OWASP and reflected XSS
Did you know that both bees and ants evolved from wasps or wasp-like ancestors? That most wasp species are solitary, and don't form hives? That the earliest fossil wasps found lived in the Jurassic period? That some of them prey on Tarantula spiders? That the smallest known insect (smaller than some amoeba) is a wasp, yet the biggest wasps can have wingspans of over 11 cm? Well, now you know.
As interesting as wasps are, not everyone likes them. However, everyone working with computer security should appreciate the resources the Open Web Application Security Project (OWASP) provides. It is an unbiased source of information, advocates open standards, and provides many tools for testing and education. One resource it is known for is the OWASP Top Ten list of web application security risks - very relevant in our line of work.
Cross-Site Scripting (XSS) is currently number seven on the Top Ten list. It is a very common attack that usually targets the web browser, and can allow session stealing and account takeovers, or even worse. Reflected XSS is a form of XSS where the attack payload is typically stored within a web link, e.g. in a spam email or a web comment, and the victim is tricked into clicking the link. The link can point to a non-malicious site, like your own, but when clicked by the victim the payload code will run in the victim's browser, using the victim's session and access credentials on your site, while sending information back to the attacker.
Responsible disclosure is the best practice to avoid dangerous information falling into the wrong hands at the wrong time. (Sidebar: Security at eZ Systems is divided into product security, which I work on, and corporate security. Sometimes they overlap, when we use our own products in corporate services. Though if you report an issue to us, you don't have to worry about this distinction. We'll take care of it.)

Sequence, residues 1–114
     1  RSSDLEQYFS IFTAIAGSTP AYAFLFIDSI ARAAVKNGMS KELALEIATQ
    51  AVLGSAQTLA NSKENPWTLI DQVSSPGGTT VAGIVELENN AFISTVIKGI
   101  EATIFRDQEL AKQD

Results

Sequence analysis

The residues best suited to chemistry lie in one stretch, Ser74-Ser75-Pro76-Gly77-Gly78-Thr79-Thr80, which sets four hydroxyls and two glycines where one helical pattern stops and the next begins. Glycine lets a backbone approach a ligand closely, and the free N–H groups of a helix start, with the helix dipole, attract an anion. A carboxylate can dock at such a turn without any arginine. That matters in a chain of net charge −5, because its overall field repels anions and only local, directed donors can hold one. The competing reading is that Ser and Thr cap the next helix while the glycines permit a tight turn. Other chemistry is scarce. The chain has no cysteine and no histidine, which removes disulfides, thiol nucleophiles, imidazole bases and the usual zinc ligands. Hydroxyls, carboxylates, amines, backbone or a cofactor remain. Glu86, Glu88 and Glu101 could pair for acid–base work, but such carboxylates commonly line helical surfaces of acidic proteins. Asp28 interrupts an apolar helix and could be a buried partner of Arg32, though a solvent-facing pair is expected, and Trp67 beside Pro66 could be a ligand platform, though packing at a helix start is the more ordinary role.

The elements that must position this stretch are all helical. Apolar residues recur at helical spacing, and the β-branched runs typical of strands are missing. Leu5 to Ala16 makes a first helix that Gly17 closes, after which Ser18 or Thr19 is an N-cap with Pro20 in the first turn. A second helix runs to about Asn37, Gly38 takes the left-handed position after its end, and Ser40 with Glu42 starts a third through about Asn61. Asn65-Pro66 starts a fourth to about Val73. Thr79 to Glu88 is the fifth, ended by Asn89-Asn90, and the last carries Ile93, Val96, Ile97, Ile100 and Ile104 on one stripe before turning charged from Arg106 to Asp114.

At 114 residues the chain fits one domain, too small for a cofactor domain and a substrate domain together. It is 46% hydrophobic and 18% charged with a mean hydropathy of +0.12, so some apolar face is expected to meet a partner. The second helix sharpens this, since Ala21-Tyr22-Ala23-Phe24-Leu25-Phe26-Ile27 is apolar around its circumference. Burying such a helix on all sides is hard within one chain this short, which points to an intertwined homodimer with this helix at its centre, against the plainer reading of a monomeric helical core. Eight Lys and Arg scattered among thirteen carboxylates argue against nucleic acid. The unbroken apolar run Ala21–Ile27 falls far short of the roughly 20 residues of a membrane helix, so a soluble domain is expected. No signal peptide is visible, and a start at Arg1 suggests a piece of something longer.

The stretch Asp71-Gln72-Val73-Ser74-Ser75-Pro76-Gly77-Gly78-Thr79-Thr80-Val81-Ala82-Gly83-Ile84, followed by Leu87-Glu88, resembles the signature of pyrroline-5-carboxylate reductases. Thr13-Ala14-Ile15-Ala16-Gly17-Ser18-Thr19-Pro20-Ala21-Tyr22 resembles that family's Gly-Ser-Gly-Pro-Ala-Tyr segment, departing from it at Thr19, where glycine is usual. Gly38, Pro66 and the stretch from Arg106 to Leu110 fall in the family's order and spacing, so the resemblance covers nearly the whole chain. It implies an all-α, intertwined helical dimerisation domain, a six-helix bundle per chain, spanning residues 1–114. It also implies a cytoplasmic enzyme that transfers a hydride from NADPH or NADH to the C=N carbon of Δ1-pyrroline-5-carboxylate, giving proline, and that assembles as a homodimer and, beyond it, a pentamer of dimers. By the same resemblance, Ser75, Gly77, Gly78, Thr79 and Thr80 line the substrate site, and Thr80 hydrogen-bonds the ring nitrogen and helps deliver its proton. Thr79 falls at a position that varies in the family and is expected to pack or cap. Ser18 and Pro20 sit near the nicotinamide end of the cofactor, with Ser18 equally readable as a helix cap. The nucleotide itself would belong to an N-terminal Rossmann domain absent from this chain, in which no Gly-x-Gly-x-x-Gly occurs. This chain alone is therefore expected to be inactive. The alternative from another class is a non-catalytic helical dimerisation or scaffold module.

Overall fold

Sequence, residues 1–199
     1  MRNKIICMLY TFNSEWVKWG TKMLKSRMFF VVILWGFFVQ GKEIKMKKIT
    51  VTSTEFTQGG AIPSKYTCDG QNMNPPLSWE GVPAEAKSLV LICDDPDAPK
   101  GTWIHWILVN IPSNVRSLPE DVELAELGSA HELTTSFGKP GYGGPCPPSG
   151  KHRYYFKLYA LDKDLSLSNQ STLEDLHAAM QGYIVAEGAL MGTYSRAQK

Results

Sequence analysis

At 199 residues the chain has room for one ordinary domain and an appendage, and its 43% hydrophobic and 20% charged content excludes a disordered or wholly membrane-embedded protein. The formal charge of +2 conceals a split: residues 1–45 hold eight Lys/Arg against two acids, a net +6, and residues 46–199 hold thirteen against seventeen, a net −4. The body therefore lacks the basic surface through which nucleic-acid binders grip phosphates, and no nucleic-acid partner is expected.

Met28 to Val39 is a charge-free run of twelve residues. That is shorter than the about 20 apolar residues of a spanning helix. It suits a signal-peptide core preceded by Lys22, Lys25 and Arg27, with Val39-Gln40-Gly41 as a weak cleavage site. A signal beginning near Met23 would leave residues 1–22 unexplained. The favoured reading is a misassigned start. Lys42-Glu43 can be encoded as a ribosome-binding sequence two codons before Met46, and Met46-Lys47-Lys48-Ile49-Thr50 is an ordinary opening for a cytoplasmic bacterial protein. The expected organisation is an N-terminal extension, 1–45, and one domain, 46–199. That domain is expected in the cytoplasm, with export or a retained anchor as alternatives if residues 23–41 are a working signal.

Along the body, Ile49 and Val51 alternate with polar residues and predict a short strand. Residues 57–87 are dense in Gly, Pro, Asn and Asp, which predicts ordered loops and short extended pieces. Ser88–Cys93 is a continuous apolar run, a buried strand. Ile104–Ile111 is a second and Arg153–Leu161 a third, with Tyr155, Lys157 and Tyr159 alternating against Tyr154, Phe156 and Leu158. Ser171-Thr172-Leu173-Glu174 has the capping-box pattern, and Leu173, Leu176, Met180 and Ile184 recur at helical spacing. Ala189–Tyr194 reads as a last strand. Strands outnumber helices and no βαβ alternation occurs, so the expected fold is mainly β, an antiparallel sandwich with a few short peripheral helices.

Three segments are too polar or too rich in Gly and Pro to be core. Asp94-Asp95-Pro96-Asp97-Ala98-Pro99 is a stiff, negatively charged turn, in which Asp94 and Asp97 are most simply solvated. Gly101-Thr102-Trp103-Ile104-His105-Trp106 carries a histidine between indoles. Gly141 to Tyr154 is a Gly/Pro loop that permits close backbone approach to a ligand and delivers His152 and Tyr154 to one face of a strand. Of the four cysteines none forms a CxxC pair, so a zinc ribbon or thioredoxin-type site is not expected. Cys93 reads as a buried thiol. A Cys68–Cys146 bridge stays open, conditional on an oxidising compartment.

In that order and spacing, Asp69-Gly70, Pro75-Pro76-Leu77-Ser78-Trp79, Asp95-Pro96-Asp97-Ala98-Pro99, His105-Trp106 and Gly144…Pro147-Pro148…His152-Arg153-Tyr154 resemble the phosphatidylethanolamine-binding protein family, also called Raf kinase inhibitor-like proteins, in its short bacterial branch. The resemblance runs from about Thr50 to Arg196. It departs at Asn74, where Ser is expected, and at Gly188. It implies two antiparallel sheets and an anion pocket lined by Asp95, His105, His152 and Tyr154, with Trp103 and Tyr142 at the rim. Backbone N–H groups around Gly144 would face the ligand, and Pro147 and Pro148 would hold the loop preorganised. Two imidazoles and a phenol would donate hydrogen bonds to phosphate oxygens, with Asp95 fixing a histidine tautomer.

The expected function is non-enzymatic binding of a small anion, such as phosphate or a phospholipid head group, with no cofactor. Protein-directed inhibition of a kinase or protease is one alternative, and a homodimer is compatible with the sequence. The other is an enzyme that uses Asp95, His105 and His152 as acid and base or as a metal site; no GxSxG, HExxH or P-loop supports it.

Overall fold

Karlsson had discovered that one of our services was vulnerable to reflected XSS, and it was serious. User input to an HTTP GET parameter was not filtered as it should have been, any content was accepted. We all know this should not happen, but sometimes a bug slips through the cracks, despite thorough reviewing and testing.
The vulnerable service was running on eZ Platform, but the actual vulnerability was in an internal bundle we have not released publicly. Within an hour of the notification, corporate security had localized the problem, the fix was completed and deployed later the same day. Karlsson kindly confirmed that this was so on his end as well, and we could all breathe easier.
Closing the hole
Avoiding XSS issues boils down to perhaps the most central tenet in computer security lore: Do not trust user input. This is much like how you might think twice about eating something if you didn't know what it contained or who had made it. You can prevent XSS by filtering input and escaping output. Frameworks can help with this, as some of them do it for you. Symfony Twig is one example.
Automatic code scanners exist that can catch some of these vulnerabilities by analysing your source code. There are also penetration testing tools that can run automated attacks against your running service. The OWASP Zed Attack Proxy (ZAP) is one such. Security companies like Omegapoint provide services such as auditing, consulting, training and testing, to help you avoid getting stung.
You may also get such a message from a security company one day. Be very grateful when this happens, because they have done you a great service. It's hard to believe, but some people and companies react with anger, suspicion and even lawsuits. Don't be that person. Responsible security experts make the web safer for everyone.
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